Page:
Both Kirk and Ayotte made political gambles about where they could garner votes. In the end, Kirk ran slightly ahead of Trump in the Collar Counties, but he ran well behind Trump downstate. Ayotte did better than Trump in Manchester County but in the blue-collar swing towns in East and Northern New Hampshire she ran behind Trump by big margins.
However, Johnson and Burr fared better. Not only did they run better in urban Milwaukee and Charlotte than Trump, but they held almost all the Trump voters in heavily red parts of their states. In Wisconsin for example, Johnson’s and Trump’s margins in the Iron Range were virtually identical. Ultimately, Johnson carried Wisconsin by three points and Trump by a point. Trump won North Carolina by four points while Burr won by six.
Toomey’s path was arguably the most unique. By refusing to take a stance on Trump (a huge risk) he managed to stay fairly popular in the GOP leaning North Philly Suburbs while losing few voters in the rest of the state. For example, Toomey won Chester and Bucks County (Trump lost both) while Toomey did not lose a single county in the rest of the state Trump won. Trump won the state by a single point, Toomey by two.
The results suggest that Ayotte probably hurt herself dumping Trump. If she had kept Trump voters in her camp and deflected questions about him she might still be Senator today.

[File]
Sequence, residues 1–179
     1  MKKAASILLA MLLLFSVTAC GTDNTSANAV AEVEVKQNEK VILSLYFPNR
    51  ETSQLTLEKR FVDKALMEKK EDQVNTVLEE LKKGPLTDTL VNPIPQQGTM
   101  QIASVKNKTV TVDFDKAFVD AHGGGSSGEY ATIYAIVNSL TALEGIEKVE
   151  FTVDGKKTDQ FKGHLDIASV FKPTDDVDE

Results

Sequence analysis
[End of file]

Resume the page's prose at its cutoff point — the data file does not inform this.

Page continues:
The same could be said of Joe Heck. The popular Vegas Congressman led in most polls until October when he decided to say he would not support Trump for President. He did not lead in a single poll after. In the end Trump and Heck lost the state by identical margins. For Heck, who had been expected to outrun the top the ticket, it was a major disappointment. This is not even mentioning Alaska, where Trump won with 51 percent and Lisa Murkowski an underwhelming 44 percent (she also vowed to not support Trump).
It will be tempting for Republicans in swing districts, the 23 Republicans in Clinton districts and for Dean Heller in Nevada to ditch Trump and his priorities. The problem is that low turnout midterms can hinge on an excited base as much as winning the persuadable middle (of which there is not much of one).
Republicans, running even in Clinton districts, will need Trump supporters as much as persuadable Democrats and Independents. There is no evidence to suggest these Trump voters, not traditional Republicans by any stretch, will feel a need to stick up for Congressional Republicans that thumbed their noses at their guy.
Keep in mind Trump railed against a GOP Congress during the president primary and he could do so again easily to insulate himself from a failed first two years. As a result, many Congressional Republicans could be primaried and not just lose in the general election.
This is likely the dynamic playing out over the AHCA. Trump ran very strongly in many, many Freedom Caucus districts and their members are far to the right of Trump on government. But, Trump did better than many of them so are they really willing to buck Trump on healthcare and potentially others? Their decision might cost them their jobs.